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Newsgroups: comp.risks
X-issue: 13.77
Date: Fri, 21 Aug 92 23:55:04 -0700
From: karn@servo.Qualcomm.COM (Phil Karn)
Subject: Spontaneous appliance operation

There's a known problem with the BSR X-10 home automation system whereby the
"appliance modules" can spontaneously turn themselves on.  This happens with
certain types of loads, particularly electronic loads such as computers and
compact fluorescent lights, and it is due to a misfeature called "local on".
(The X-10 is a carrier current appliance control system widely marketed under
other names, including Radio Shack, Heath and Stanley. The "appliance modules"
are relay boxes that plug into the wall between the AC line and a load to be

The "local-on" feature is intended to allow a user to turn on an appliance
locally, without having to go to the control box. If the appliance is a lamp,
you just flick its regular switch on and off several times, and the appliance
module turns on.

This feature apparently works by trickling a small amount of current through
the load whenever the appliance module relay is 'off' and watching for sudden
voltage swings across the load that would indicate that the user is cycling the
power switch. It works great for simple resistive loads like incandescent
lamps, but nonlinear electronic loads (especially those that directly rectify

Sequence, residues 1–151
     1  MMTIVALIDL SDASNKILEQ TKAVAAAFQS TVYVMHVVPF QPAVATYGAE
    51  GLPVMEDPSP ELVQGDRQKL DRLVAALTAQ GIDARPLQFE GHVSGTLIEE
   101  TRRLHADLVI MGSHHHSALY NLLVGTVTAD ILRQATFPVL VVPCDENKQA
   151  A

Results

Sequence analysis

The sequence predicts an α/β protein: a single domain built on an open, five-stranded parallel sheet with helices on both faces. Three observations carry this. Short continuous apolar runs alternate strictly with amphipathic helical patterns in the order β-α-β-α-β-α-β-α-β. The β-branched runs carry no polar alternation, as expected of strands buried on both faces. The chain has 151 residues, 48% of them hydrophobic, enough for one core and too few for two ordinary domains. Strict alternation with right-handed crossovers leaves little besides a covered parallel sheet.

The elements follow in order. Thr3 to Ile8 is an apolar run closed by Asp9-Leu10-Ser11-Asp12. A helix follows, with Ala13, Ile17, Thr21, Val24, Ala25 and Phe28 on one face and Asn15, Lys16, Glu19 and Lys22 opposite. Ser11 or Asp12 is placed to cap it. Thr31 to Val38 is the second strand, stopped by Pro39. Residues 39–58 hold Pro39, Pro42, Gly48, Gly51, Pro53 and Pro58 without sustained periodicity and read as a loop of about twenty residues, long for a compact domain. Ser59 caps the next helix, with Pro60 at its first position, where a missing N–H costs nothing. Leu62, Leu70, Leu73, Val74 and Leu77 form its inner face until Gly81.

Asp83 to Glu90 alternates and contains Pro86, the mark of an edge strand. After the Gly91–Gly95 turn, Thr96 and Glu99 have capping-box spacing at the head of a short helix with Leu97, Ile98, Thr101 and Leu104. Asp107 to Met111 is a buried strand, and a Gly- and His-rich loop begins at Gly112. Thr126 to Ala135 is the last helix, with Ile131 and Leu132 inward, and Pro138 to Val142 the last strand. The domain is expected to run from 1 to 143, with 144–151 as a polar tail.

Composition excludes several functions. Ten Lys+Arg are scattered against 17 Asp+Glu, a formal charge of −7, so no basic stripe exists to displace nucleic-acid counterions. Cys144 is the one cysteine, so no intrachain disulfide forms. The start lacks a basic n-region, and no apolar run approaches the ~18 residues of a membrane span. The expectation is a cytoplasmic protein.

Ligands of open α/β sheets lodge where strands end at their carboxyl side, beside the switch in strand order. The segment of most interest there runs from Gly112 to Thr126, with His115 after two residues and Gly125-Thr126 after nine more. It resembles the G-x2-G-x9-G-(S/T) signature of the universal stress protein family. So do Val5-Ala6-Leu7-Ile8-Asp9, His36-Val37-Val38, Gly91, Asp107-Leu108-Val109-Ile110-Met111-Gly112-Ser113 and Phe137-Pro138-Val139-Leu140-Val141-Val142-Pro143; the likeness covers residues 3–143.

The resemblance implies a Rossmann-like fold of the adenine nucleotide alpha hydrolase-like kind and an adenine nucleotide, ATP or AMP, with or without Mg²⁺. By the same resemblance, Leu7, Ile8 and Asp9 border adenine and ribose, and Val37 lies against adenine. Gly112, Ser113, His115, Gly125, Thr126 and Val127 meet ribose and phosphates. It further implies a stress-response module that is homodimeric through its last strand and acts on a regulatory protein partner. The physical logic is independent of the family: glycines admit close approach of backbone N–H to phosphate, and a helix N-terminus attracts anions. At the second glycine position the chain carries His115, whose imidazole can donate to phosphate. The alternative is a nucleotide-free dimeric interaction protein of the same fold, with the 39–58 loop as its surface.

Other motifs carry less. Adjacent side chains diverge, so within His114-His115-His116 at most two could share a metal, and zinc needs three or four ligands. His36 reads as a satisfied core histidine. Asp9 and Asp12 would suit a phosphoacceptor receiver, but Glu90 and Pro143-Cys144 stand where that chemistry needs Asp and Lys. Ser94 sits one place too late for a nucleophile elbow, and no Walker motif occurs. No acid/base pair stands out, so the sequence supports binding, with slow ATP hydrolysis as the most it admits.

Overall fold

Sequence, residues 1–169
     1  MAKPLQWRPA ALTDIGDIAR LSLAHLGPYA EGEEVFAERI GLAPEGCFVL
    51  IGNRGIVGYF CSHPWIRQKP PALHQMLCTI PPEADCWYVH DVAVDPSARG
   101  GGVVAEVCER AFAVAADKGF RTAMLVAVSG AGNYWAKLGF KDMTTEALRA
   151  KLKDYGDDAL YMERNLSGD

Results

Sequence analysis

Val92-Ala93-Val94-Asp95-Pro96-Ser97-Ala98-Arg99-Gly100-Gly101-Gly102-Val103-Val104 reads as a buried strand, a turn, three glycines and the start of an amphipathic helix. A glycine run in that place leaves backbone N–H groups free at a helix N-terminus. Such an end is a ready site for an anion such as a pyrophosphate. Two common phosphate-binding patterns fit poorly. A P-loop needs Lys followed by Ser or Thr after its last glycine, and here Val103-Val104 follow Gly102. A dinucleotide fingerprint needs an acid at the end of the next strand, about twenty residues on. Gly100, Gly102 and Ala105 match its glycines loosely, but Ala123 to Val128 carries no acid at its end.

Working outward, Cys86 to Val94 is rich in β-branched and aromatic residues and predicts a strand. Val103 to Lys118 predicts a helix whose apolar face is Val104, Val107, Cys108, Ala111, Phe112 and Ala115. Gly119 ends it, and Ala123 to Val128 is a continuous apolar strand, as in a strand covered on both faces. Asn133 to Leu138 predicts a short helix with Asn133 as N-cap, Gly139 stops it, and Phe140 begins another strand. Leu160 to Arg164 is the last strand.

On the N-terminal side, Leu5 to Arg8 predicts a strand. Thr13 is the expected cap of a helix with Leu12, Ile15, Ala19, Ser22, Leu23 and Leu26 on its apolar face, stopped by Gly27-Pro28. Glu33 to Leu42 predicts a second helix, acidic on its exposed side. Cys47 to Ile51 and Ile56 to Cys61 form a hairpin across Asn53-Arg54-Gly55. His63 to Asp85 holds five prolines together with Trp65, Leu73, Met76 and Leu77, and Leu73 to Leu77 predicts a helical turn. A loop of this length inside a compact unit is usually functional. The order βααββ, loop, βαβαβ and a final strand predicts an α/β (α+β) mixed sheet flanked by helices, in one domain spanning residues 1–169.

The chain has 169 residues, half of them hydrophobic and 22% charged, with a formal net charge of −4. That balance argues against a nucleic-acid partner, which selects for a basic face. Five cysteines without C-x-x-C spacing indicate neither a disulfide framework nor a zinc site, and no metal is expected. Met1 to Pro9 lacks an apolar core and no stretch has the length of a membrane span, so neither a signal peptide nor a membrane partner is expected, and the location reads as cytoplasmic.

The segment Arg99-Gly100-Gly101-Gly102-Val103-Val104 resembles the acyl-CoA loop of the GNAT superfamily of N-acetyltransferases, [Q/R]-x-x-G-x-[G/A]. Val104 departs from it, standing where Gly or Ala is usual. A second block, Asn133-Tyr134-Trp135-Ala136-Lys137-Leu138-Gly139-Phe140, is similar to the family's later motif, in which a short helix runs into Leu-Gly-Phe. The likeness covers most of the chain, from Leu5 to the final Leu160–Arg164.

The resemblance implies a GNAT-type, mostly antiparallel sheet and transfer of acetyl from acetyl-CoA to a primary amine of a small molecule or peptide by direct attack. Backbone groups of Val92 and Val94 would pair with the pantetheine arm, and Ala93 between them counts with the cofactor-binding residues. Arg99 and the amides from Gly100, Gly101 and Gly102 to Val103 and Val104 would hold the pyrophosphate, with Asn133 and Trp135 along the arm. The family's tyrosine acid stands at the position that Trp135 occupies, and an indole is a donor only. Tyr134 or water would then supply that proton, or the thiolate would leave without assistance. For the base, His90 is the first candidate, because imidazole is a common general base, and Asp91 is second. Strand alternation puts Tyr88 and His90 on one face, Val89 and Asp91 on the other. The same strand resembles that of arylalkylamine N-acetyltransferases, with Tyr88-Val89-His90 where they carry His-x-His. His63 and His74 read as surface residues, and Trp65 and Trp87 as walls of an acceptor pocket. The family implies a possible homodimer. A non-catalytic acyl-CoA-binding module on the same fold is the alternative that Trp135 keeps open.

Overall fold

and filter the AC power line) will often draw almost no current until some
voltage is reached across the load's internal filter capacitor. Then the load
conducts, discharging the capacitor and causing the input voltage to drop
suddenly. A few cycles of this "relaxation oscillator" simulates a user
flicking a switch well enough to trigger the appliance module's "local on"

The problem usually occurs right after you switch the load off -- several
seconds later, it comes back on again. But it's possible that the spurious
turn-on could occur much later. This problem drove me crazy until I realized
from the description of "local on" in the manual what was going on. There was
no specific warning about this possibility. Indeed, the manuals take great
pains to point out that "lamp modules" (which contain dimmers) are not to be
used with fluorescent lamps and electronic loads; appliance modules should be
used instead. The instructions do warn about controlling appliances that could
cause damage if they were turned on inadvertently (e.g., an empty coffee pot)
but this doesn't really address the issue.

It turns out that cutting an undocumented jumper inside the appliance module
defeats the "local on" misfeature. It's obvious that someone anticipated this
problem since the jumper wasn't essential in the PC board layout, so it's
doubly annoying that there is no mention of this problem or its solution in the

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